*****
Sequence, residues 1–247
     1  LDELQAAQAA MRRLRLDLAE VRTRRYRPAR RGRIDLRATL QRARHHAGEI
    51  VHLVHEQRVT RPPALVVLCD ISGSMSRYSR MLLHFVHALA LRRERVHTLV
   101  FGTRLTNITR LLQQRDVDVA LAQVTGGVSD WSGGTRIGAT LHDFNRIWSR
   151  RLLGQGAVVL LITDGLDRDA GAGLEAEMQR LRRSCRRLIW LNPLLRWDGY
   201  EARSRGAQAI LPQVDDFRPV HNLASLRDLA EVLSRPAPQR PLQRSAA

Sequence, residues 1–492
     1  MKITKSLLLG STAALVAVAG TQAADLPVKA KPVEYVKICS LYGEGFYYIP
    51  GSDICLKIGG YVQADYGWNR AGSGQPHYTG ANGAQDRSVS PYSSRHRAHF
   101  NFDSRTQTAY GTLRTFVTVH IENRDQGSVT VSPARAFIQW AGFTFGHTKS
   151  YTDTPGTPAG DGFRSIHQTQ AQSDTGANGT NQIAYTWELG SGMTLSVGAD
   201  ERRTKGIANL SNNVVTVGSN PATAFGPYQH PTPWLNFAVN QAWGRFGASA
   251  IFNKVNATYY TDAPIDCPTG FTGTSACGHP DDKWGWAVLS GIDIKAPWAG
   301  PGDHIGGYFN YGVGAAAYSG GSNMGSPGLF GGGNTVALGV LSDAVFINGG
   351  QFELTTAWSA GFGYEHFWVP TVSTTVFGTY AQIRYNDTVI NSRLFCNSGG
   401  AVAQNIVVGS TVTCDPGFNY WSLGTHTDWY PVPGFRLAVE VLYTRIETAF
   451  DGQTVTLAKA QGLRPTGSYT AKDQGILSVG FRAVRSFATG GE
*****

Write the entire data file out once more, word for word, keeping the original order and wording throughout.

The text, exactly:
Sequence, residues 1–247
     1  LDELQAAQAA MRRLRLDLAE VRTRRYRPAR RGRIDLRATL QRARHHAGEI
    51  VHLVHEQRVT RPPALVVLCD ISGSMSRYSR MLLHFVHALA LRRERVHTLV
   101  FGTRLTNITR LLQQRDVDVA LAQVTGGVSD WSGGTRIGAT LHDFNRIWSR
   151  RLLGQGAVVL LITDGLDRDA GAGLEAEMQR LRRSCRRLIW LNPLLRWDGY
   201  EARSRGAQAI LPQVDDFRPV HNLASLRDLA EVLSRPAPQR PLQRSAA

Sequence, residues 1–492
     1  MKITKSLLLG STAALVAVAG TQAADLPVKA KPVEYVKICS LYGEGFYYIP
    51  GSDICLKIGG YVQADYGWNR AGSGQPHYTG ANGAQDRSVS PYSSRHRAHF
   101  NFDSRTQTAY GTLRTFVTVH IENRDQGSVT VSPARAFIQW AGFTFGHTKS
   151  YTDTPGTPAG DGFRSIHQTQ AQSDTGANGT NQIAYTWELG SGMTLSVGAD
   201  ERRTKGIANL SNNVVTVGSN PATAFGPYQH PTPWLNFAVN QAWGRFGASA
   251  IFNKVNATYY TDAPIDCPTG FTGTSACGHP DDKWGWAVLS GIDIKAPWAG
   301  PGDHIGGYFN YGVGAAAYSG GSNMGSPGLF GGGNTVALGV LSDAVFINGG
   351  QFELTTAWSA GFGYEHFWVP TVSTTVFGTY AQIRYNDTVI NSRLFCNSGG
   401  AVAQNIVVGS TVTCDPGFNY WSLGTHTDWY PVPGFRLAVE VLYTRIETAF
   451  DGQTVTLAKA QGLRPTGSYT AKDQGILSVG FRAVRSFATG GE